When you spend a couple of decades skulking around in the dark, chasing poachers through the woods and dealing with some of Maine’s more interesting characters, chances are good that you’ll end up with a few good tales to tell.
But telling tales is only half the battle. Actually writing them down so that a broader audience can enjoy them is the other half.
Luckily for readers, John Ford Sr. kept a diary during his Maine Warden Service career, and he shared a pile of stories — many of which were hilarious — in his first book, “Suddenly, the Cider Didn’t Taste So Good.”
Now Ford is back with his follow-up book, which is just as good.
“This Cider Still Tastes Funny!” (Islandport Press) is another collection of short vignettes culled from Ford’s diary entries, and fans of his earlier work will surely enjoy heading into the woods with the warden again.
Readers who want to touch base personally with the author can do so at 1-3 p.m. Saturday, June 1, at Books A Million in Bangor. Ford will read from his book and will be on hand to sell books and sign autographs afterward.
One of Ford’s strengths: He has no problem painting himself in an unfavorable light, and readily admits that he might have made more than a few missteps in his quest to bring intentional lawbreakers to justice. The results of those missteps will make readers smile and chuckle, and when you turn the final page you’re certain that somewhere, the author is chuckling along.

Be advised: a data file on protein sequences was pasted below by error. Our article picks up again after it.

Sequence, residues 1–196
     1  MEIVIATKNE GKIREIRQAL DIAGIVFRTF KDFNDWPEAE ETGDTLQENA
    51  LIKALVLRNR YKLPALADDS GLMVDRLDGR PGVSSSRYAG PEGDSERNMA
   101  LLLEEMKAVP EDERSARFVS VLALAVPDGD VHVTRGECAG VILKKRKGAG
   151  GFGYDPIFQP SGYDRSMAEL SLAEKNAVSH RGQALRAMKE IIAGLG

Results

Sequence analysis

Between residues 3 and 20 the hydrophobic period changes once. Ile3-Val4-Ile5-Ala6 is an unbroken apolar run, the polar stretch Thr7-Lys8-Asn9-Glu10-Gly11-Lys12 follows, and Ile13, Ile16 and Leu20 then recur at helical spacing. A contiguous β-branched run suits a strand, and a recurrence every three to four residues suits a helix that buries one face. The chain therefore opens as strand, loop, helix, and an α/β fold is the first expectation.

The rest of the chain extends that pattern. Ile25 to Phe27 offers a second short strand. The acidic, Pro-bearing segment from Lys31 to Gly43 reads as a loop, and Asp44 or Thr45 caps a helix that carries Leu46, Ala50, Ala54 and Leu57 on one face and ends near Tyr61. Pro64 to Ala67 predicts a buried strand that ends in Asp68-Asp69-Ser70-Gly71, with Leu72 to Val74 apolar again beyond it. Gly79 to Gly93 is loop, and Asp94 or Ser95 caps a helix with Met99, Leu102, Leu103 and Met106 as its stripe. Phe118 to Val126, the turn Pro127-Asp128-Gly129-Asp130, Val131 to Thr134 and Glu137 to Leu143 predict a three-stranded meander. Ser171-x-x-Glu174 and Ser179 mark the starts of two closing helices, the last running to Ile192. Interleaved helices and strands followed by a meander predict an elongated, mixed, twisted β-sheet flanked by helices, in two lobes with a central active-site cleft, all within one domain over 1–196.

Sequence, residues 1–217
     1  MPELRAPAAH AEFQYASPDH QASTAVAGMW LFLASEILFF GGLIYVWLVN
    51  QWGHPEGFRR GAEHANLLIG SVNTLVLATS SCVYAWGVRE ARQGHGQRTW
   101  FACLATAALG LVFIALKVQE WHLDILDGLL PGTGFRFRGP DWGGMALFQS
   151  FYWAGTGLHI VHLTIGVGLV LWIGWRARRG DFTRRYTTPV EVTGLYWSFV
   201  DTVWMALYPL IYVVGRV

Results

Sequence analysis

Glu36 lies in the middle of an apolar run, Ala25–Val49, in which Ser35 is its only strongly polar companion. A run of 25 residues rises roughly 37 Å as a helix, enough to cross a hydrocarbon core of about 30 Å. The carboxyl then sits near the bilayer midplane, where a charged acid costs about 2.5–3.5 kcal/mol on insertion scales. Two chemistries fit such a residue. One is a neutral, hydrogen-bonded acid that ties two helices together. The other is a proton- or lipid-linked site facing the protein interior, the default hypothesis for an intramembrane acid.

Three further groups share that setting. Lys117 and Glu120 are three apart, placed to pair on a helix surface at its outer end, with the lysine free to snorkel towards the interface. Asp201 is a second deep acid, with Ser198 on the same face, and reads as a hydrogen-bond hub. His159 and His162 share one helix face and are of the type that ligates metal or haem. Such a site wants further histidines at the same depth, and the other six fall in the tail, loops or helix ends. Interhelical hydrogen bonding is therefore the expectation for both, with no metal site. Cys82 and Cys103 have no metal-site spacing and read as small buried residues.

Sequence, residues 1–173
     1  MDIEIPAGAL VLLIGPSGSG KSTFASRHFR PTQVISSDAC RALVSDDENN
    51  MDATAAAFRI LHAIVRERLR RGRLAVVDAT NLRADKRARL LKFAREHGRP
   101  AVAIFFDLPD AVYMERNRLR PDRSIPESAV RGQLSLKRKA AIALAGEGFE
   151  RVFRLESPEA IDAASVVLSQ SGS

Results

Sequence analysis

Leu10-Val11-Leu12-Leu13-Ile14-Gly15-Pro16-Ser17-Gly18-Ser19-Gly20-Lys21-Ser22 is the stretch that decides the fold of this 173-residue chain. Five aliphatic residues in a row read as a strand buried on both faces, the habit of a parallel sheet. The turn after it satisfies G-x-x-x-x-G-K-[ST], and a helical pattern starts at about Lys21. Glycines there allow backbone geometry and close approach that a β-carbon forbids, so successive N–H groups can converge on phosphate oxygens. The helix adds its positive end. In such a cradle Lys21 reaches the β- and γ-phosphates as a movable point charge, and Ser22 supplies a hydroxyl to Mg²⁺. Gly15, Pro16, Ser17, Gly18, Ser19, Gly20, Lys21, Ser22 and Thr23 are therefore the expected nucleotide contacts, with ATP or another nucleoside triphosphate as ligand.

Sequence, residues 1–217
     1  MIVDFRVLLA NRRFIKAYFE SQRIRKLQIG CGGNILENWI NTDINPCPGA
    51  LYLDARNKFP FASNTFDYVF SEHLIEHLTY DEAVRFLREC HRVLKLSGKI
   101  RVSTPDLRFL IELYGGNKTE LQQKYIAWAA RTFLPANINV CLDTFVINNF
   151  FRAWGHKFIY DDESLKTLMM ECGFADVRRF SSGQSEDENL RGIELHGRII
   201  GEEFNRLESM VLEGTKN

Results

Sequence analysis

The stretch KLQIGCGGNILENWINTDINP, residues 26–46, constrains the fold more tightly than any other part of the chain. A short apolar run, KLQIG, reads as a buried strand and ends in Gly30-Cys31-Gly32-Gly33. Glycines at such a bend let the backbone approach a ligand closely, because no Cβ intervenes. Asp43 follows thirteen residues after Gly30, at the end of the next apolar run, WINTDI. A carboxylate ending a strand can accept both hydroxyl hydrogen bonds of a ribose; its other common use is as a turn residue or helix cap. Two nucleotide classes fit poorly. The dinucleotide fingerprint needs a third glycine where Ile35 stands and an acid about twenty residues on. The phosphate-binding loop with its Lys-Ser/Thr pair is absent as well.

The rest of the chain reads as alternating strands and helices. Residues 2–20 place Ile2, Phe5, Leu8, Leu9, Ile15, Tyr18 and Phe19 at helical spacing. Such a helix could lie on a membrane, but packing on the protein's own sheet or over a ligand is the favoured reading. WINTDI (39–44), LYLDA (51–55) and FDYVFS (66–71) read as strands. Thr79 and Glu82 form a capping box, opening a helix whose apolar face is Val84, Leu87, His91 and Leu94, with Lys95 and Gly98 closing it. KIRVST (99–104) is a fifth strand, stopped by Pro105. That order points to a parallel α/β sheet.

That subtle touch removes Ford’s work from the typical cop-tale genre and nestles it in its own comfortable spot, somewhere between Maine humorist Tim Sample and novelist Paul Doiron, whose work has focused on a fictional Maine game warden, a man Ford could probably relate to.
Among the many highlights in Ford’s second book: The tale of two confidential informants who take turns ratting each other out in “Aided by Informants,” and an interesting historical account of the Kenduskeag Stream salmon war of 1978 in “The Kenduskeag River Travesty.”
Ford was among the wardens called to the small Maine stream 25 years ago, when a July run of Atlantic salmon became easy pickings for frenzied townfolk who took to fishing for the prized salmon with spears, pitchforks and other crude devices.
Some characters in Ford’s tales end up getting a one-way ticket to the “Waldo County Crowbar Hotel,” while others slink off into the darkness, never to officially be identified.
Note, I said, “officially.” Ford likely knew a lot more than he felt confident in putting into his daily diary entries, more than he has shared with us here.
All of which will leave readers hopeful: Perhaps Ford’s got enough fodder for another book or three, which are sure to be just as entertaining.